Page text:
The m2 measure, also known as the Modigliani risk-adjusted performance measure, is a risk-adjusted performance measure. It is closely related to the Sharpe ratio, but does not have the downside of being ‘dimensionless’ measure. Moreover, in case of negative returns, the m2 measure continues to hold its meaning, while the Sharpe ratio very hard to interpret.
M2 measure calculation
The main question we want to address first is; how to measure m2? Practically, calculating the m2 measure is not more difficult than measuring the Sharpe ratio.
First of all, we need to calculate the Sharpe ratio. In a next step, we will use the Sharpe ratio to derive the m2 measure. Thus, first we perform the following calculation, which is just the standard (annual) Sharpe ratio equation.
The second step consists of multiplying the Sharpe ratio by the (annualized) standard deviation of a benchmark. The benchmark can be freely chosen, e.g. the S&P500 index, the MSCI World index, or another broad index.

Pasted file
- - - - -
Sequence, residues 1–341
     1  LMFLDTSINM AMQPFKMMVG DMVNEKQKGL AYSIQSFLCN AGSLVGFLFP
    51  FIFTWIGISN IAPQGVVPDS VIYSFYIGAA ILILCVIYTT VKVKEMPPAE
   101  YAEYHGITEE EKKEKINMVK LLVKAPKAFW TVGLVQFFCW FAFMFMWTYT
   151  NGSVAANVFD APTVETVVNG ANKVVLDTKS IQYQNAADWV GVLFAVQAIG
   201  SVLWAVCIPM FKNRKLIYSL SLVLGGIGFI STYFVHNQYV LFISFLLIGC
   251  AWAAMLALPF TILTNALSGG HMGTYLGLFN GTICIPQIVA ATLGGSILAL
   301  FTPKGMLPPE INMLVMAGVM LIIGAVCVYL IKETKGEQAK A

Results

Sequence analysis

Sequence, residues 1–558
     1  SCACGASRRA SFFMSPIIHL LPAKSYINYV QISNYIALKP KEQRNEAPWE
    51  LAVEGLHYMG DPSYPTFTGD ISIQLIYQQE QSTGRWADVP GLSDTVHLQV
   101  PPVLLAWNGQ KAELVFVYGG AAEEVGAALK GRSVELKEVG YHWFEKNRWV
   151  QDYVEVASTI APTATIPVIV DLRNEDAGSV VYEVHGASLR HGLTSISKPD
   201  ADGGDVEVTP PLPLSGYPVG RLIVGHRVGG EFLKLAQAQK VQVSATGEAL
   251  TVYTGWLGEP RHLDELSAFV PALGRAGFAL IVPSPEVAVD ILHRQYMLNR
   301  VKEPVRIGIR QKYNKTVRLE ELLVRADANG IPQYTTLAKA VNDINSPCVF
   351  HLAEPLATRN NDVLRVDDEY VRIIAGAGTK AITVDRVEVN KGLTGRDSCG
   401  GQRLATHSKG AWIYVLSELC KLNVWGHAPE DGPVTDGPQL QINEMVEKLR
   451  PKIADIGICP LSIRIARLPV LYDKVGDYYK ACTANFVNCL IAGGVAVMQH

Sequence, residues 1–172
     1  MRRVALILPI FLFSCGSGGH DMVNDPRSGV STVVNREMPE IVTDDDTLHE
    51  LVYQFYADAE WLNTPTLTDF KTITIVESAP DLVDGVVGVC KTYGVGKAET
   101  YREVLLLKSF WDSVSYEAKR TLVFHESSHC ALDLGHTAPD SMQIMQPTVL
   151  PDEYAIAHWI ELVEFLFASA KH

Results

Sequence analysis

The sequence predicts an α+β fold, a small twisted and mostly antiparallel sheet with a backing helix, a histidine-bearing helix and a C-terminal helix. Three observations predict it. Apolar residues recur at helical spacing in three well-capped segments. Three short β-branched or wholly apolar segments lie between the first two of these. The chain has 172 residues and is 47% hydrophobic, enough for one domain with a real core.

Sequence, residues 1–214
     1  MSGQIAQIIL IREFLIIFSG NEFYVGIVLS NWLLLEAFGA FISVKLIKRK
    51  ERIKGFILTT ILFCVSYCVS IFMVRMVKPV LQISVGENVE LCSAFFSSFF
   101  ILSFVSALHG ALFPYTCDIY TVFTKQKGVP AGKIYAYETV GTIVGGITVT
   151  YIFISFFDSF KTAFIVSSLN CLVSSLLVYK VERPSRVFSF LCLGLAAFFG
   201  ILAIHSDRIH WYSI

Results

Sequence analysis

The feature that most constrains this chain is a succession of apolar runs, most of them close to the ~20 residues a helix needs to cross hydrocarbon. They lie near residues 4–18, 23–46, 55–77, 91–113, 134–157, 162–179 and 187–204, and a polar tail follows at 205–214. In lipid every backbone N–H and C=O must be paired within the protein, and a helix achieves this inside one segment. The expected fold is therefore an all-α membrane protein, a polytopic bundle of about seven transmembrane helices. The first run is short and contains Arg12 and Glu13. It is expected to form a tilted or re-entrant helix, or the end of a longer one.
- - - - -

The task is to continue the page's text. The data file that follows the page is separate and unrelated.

In a last step, we add the risk free rate is again
We can rewrite the above measure differently to get a better understanding of what the m2 measure captures. As shown in the equation below, the M2 measure equals the excess return weighted over the benchmark’s and portfolio’s standard deviation and increased with the risk free return. Clearly, the M2 measure just equals the portfolio’s return when had the standard deviation of the portfolio equaled that of the benchmark. This is the case when happens when the portfolio is simply tracking an index
Alternative M2 measure
There is also an alternative m2 measure that is sometimes computed by practioners. In this case, the systematic risk component is used instead of the full volatility component. However, this is only be a good indicator when the portfolio is well diversified. Underdiversification may result in an underestimation of the riskiness of the portfolio, as their may be some idiosyncratic risk left!
The m2 measure is an alternative and easy to interpret risk-adjusted performance metric. It is closely related to the Sharpe ratio, from which it is derived.